NAIROBI, Kenya, Jun 29 – Kenya Breweries Limited in collaboration with AMREF Health Africa in Kenya, have commissioned Nduma Water Project in Kikuyu Constituency, an initiative aimed at providing clean and safe drinking water to over 20,000 residents of Kikuyu Constituency to a cost of Sh7.2 million.
The water project to be managed by Kerwa Water Project Welfare Association (KWPWA) comprises of a 4Km water distribution line, a 225,000-litre rehabilitated water tank, a borehole, a water pump house and a water kiosk.
Speaking at the inauguration ceremony, Diageo Corporate Relations Director, Dan Mobley said: “As a company, we seek to contribute to the communities by way of implementing innovative projects in the areas of access to clean drinking water, water conservation and management as underpinned by Diageo 2020 Sustainability Blueprint.”
A World Bank study on water revealed that by 2050 over 40% of the global population will live under severe water stress; and as global population increases, so will tensions among different water uses. Today, 18 million Kenyans have no access to water and sanitation services, therefore Nduma Water Project is fundamental in bridging the existing difference.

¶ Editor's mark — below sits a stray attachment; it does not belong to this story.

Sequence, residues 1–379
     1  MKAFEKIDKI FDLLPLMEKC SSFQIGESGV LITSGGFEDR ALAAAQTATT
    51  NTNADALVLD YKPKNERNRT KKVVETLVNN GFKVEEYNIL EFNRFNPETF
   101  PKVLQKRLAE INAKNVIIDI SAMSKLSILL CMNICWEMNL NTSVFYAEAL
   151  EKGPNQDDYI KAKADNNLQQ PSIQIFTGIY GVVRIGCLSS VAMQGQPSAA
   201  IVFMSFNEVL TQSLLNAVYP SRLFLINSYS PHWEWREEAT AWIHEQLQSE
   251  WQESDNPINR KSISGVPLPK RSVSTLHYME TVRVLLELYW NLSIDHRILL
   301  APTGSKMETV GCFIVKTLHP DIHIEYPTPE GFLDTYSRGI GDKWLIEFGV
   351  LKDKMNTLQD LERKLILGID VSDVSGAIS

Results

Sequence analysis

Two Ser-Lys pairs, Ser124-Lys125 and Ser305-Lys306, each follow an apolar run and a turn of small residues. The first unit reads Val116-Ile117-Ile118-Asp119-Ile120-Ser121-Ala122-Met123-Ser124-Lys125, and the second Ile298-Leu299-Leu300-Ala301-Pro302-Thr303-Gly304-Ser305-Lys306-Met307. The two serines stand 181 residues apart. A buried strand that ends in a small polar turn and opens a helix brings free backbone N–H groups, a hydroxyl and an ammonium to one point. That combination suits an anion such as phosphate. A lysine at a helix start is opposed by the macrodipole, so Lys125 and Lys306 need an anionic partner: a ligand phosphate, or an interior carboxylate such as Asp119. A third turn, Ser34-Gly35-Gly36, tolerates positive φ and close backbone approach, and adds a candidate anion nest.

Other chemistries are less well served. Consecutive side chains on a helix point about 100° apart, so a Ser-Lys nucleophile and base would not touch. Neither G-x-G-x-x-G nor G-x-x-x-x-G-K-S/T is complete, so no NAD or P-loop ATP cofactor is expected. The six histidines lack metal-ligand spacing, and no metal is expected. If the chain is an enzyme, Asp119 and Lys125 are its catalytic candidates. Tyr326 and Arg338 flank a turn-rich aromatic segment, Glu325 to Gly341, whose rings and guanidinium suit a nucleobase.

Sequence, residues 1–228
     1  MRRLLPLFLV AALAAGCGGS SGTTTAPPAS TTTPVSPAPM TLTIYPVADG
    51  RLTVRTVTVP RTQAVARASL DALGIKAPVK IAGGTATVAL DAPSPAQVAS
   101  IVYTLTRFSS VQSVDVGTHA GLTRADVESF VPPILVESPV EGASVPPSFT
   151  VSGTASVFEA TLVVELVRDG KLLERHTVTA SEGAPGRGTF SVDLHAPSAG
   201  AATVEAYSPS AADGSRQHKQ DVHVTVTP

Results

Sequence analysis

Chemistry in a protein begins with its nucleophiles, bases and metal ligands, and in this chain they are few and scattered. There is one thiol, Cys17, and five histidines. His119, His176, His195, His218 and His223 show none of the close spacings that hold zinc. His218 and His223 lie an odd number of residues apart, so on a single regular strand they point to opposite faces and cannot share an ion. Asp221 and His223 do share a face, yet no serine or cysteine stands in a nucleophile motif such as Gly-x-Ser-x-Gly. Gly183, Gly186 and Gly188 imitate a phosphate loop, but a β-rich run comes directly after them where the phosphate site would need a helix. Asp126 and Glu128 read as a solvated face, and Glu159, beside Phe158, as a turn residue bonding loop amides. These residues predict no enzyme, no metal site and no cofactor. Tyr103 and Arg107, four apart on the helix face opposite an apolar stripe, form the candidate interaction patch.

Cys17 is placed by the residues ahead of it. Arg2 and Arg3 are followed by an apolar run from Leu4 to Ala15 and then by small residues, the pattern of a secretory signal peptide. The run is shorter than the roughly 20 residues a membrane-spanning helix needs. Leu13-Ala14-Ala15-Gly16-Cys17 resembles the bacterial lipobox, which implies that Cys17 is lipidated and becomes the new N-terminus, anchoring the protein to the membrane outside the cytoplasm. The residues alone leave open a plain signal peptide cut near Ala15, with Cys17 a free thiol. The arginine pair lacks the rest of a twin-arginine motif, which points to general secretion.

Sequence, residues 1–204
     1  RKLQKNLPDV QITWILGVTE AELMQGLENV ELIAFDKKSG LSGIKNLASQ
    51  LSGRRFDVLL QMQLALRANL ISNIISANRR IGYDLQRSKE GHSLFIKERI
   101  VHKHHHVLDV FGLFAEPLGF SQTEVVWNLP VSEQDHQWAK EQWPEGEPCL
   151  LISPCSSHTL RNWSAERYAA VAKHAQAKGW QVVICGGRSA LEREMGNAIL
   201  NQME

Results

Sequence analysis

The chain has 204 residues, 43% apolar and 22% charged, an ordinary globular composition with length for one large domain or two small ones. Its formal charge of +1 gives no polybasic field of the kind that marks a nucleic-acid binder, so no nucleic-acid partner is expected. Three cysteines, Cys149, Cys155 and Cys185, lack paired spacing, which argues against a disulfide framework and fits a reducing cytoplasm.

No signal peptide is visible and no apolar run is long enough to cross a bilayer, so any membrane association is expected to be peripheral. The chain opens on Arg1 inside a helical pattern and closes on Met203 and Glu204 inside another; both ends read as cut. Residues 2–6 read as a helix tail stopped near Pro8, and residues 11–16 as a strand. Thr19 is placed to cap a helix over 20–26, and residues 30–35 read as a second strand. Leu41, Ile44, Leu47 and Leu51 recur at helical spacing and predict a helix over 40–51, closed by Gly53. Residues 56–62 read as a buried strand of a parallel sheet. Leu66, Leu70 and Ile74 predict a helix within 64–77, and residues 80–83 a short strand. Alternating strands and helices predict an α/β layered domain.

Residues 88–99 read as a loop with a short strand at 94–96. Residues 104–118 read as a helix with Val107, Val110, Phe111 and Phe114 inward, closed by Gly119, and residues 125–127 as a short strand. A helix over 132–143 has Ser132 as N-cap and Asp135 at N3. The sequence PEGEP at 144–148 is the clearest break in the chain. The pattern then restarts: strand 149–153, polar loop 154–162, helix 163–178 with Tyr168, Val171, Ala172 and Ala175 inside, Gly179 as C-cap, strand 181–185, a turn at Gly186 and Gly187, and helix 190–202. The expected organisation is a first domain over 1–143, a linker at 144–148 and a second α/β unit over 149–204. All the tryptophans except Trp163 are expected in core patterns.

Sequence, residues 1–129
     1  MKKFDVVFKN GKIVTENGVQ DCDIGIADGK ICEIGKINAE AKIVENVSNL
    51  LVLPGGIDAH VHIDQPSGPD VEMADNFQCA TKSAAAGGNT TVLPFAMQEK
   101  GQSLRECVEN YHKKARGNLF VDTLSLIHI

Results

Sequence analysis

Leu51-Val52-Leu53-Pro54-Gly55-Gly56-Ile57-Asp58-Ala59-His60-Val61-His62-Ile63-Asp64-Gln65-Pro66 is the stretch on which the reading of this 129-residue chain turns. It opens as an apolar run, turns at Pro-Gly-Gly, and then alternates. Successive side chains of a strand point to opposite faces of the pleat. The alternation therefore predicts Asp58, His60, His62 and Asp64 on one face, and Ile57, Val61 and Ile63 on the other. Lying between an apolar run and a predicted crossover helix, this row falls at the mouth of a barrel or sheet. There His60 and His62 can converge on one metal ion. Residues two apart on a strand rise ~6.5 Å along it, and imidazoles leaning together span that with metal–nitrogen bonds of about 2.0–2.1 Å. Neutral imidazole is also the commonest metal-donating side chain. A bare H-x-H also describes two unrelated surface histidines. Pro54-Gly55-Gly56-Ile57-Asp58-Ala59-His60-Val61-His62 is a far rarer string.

“We are cognizant of the fact that access to clean water, is a basic human right. As a responsible corporate citizen, passionate about doing its part to respond to this societal need, KBL, through EABL Foundation is committed to invest in water projects within water-stressed communities such as Nduma,” said EABL Corporate Relation Director, Eric Kiniti.
Kikuyu MP, Kimani Ichungwah, keen to debunk the water surplus myth in Kiambu said: “There is a misconception that Kiambu County’s proximity to Nairobi means the County doesn’t have a water problem while in fact, part of the County is classified as an Arid and Semi-Arid Land (ASAL) region with a serious water deficiency concerns,” said Ichungwah.
“This is a project that is directly impacting people’s lives. It is indeed changing people lives in a big way. The residents will not only be able to access clean drinking water, but the water will promote economic activities,” added Ichungwah.
This project is part of a wider “10by10” initiative that aims to develop 10 sustainable, water projects in 10 counties to benefit communities struggling to access water. The program is part of a larger plan, dubbed “Water of Life” under which the Foundation has implemented over 78 community water projects in areas encountering a perennial water shortage across Kenya.
According to a study released in April 2016 by the Kenya National Bureau of Statistics (KNBS) and the Society for International Development (SID), only 35 per cent of Kiambu County’s population use improved sources of water, a situation that exacerbates sanitation-related illnesses. The report further reveals that Kenya spends more than Sh20 billion on treating sanitation-related diseases annually.